Adds Bluetooth as a connection option
Over the original Pro X, it’s easy to justify the extra $50 cost with just the graphene drivers alone, but more than doubling the battery life and making it so they can be used as Bluetooth headphones on the go (just disconnect the mic), and it becomes a really attractive option for everyday headphones. The difference in impedance is interesting, but in practice, it’s not something you’re going to be able to notice.
The one thing that annoys me with these specs is that you can’t be connected to Bluetooth and Lightspeed wireless at the same time. With my SteelSeries Arctis Nova Pro Wireless, I can stealthily play Fortnite on my Xbox while chatting to a friend on my phone, or play Forza Horizon 5 on Xbox while listening to different, better music from another device, thanks to the dual connection. With the Logitech G Pro X 2, I have to choose between the two, and I’ve had a couple of occasions where the audio source will abruptly switch because I shrugged too hard, or something else got bumped, which is less than ideal.
In this price range, I also would have liked to have seen a proper DAC, rather than just an easily lost dongle that looks like a USB key (and identical to every other Logitech dongle). Once this dongle is lost, you can’t use the headset as a wireless headset anymore. With a DAC, it’s harder to lose and you gain some extra functionality. Other gaming headsets in the price range often come with DACs instead of just little dongles.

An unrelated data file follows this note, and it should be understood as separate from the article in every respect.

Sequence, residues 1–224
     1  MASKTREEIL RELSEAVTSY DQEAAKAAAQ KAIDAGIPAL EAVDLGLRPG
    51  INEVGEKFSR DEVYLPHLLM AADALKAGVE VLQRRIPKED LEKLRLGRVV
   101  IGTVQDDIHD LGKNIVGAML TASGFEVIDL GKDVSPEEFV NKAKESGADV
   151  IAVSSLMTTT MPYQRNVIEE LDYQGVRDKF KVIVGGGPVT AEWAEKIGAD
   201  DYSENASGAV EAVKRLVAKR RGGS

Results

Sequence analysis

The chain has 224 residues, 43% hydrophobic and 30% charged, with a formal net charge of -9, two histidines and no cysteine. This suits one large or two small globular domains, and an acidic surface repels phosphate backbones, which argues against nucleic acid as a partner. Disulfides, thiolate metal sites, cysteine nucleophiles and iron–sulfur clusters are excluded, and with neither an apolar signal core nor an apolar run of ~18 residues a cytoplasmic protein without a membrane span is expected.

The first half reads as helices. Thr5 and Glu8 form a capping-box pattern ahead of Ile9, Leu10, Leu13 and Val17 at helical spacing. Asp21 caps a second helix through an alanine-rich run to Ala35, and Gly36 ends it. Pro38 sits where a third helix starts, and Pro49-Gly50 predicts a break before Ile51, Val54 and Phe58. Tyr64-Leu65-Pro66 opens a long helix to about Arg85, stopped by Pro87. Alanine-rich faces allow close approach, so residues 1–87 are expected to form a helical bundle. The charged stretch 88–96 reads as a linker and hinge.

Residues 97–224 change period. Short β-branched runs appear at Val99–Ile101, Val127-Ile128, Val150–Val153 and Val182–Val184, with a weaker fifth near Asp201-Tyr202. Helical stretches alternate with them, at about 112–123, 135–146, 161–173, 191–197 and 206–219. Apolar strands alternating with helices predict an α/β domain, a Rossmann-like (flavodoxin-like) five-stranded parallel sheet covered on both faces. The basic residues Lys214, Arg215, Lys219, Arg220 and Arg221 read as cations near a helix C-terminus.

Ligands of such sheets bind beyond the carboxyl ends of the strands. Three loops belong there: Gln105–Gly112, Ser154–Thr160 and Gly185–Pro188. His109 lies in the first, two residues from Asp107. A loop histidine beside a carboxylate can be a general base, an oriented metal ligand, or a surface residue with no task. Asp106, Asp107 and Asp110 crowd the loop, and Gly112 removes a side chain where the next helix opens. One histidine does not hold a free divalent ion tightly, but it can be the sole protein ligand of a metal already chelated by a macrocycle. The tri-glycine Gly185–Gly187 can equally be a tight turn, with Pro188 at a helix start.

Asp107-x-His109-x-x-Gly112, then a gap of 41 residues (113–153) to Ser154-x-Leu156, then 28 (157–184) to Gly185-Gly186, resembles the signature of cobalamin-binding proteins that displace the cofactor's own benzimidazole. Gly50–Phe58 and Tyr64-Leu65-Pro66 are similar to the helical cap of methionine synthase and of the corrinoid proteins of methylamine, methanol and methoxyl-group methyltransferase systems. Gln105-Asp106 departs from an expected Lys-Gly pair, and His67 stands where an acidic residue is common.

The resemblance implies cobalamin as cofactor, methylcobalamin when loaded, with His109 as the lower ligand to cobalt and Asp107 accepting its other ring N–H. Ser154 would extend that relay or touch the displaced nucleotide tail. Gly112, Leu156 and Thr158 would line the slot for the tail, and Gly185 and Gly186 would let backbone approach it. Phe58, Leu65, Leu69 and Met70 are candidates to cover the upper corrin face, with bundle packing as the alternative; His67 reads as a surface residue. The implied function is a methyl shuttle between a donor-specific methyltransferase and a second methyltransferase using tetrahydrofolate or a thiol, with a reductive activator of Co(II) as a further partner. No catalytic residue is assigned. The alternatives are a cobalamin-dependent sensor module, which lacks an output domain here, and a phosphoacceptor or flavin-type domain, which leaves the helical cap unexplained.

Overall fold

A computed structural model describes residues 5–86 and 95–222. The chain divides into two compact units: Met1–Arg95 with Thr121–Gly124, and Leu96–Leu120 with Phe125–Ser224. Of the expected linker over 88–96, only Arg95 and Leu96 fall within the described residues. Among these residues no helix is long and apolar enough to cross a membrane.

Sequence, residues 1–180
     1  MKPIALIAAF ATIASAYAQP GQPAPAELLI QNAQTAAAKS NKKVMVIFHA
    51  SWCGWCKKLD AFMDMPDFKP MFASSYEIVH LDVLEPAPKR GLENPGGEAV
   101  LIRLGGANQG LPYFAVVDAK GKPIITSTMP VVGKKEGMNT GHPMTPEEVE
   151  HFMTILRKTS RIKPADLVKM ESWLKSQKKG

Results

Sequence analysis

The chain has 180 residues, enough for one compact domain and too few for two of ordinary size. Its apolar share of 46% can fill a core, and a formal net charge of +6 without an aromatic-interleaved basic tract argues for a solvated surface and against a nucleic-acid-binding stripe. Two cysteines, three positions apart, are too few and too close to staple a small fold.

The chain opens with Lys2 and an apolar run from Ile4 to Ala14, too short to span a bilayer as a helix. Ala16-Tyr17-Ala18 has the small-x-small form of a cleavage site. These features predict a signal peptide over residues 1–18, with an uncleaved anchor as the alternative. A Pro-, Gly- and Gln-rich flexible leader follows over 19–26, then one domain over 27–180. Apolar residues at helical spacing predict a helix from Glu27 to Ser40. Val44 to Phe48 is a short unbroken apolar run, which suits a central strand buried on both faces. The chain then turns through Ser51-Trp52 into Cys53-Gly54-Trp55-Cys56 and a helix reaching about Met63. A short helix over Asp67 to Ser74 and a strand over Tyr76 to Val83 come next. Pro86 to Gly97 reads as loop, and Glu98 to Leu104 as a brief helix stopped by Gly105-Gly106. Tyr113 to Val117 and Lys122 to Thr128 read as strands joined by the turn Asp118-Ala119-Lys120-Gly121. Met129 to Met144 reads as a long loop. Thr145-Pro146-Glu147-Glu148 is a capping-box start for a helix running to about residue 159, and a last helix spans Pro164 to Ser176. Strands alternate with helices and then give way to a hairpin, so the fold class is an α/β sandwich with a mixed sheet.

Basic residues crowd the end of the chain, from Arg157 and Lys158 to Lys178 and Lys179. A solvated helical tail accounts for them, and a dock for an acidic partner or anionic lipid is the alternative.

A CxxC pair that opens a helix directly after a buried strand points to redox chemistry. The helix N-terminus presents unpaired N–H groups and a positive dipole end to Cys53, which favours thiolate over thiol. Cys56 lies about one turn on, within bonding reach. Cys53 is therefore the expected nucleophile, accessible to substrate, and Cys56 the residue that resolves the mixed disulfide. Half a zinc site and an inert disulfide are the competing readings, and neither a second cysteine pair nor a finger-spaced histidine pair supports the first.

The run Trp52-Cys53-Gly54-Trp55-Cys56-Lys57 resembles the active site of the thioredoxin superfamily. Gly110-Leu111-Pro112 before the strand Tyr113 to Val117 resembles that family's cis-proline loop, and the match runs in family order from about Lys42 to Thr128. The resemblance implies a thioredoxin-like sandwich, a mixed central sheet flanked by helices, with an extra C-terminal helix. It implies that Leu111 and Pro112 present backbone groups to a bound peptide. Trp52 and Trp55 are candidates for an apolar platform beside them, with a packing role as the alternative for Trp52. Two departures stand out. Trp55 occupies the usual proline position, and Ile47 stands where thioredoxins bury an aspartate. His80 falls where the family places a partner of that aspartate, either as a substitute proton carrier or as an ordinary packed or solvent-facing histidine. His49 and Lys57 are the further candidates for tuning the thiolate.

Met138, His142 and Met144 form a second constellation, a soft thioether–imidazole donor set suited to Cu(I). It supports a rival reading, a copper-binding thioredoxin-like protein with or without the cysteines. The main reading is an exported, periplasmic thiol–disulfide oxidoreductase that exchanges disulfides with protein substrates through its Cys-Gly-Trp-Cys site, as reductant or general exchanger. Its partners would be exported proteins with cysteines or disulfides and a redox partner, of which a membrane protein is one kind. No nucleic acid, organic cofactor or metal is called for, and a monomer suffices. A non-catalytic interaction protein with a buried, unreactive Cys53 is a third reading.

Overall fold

There are four main things you want out of a good gaming headset around the $400 mark:
Accurate object-based audio
Long battery life
Good quality microphone
On all four counts (plus a secret, bonus count of making music sound good), I am extremely impressed by the Logitech G Pro X 2, to the point that it is now my main PlayStation 5 headset.
The reason why graphene drivers are special is because they’re so light and rigid. The rigidity is important, because mesh drivers warp with time, which can add distortion and change the sound from what’s intended. It drifts slowly with age and is the trade-off that’s required to make headphones light, portable and affordable. Graphene is made out of a similar material to pencil lead. It notionally stays rigid for the life of the product (unless otherwise damaged), so sounds stay at their correct frequencies and position.